Using per-fragment shading for improved realism
Using the halfway vector for improved performance
Simulating a spotlight
Creating a cartoon shading effect
Simulating fog
Configuring the depth test
Chapter 4: Using Textures
Applying a 2D texture
Applying multiple textures
Using alpha maps to discard pixels
Using normal maps
Simulating reflection with cube maps
Simulating refraction with cube maps
Applying a projected texture
Rendering to a texture
Using sampler objects
Chapter 5: Image Processing and Screen Space Techniques
Applying an edge detection filter
Applying a Gaussian blur filter
Implementing HDR lighting with tone mapping
Creating a bloom effect
Using gamma correction to improve image quality
Using multisample anti-aliasing
Using deferred shading
Implementing order-independent transparency
Chapter 6: Using Geometry and Tessellation Shaders
Point sprites with the geometry shader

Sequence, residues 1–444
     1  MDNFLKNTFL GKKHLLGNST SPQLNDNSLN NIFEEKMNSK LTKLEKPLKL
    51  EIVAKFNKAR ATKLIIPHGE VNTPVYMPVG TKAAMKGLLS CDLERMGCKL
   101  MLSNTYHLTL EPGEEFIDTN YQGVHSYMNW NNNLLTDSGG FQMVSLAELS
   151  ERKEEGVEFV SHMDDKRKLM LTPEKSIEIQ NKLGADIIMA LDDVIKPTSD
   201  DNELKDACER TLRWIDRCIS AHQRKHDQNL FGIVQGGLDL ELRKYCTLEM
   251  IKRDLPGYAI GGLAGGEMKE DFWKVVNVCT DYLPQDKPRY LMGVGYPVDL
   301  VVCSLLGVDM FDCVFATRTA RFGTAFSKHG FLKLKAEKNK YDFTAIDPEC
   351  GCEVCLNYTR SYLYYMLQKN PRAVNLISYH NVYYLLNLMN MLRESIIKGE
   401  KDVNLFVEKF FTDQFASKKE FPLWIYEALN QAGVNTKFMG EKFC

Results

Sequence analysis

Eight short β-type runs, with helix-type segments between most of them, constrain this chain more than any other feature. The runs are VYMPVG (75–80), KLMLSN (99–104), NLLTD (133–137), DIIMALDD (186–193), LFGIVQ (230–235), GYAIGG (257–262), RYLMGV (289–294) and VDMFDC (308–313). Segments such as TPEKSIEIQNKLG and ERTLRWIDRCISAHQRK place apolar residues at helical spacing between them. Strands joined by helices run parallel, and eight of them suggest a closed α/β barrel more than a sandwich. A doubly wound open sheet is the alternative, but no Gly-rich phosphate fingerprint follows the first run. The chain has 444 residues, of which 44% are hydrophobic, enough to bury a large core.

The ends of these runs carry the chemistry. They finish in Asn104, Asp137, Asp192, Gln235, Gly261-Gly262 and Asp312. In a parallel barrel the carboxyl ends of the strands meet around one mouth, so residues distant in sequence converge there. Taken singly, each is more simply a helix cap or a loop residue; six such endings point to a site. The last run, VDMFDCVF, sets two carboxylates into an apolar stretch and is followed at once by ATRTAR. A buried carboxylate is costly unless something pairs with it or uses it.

Drawing a wireframe on top of a shaded mesh
Drawing silhouette lines using the geometry shader
Tessellating a curve
Tessellating a 2D quad
Tessellating a 3D surface
Tessellating based on depth
Chapter 7: Shadows
Rendering shadows with shadow maps
Anti-aliasing shadow edges with PCF
Creating soft shadow edges with random sampling
Creating shadows using shadow volumes and the geometry shader
Chapter 8: Using Noise in Shaders
Creating a noise texture using GLM
Creating a seamless noise texture
Creating a cloud-like effect
Creating a wood-grain effect
Creating a disintegration effect
Creating a paint-spatter effect
Creating a night-vision effect
Chapter 9: Particle Systems and Animation
Animating a surface with vertex displacement
Creating a particle fountain
Creating a particle system using transform feedback
Creating a particle system using instanced particles
Simulating fire with particles
Simulating smoke with particles
Chapter 10: Using Compute Shaders
Implementing a particle simulation with the compute shader
Using the compute shader for cloth simulation
Implementing an edge detection filter with the compute shader
Creating a fractal texture using the compute shader

What You Will Learn

  • Compile, debug, and communicate with shader programs
  • Use new features of GLSL 4 such as subroutines, sampler objects, and uniform blocks
  • Implement core lighting and shading techniques such as diffuse and specular shading, per-fragment shading, and spotlights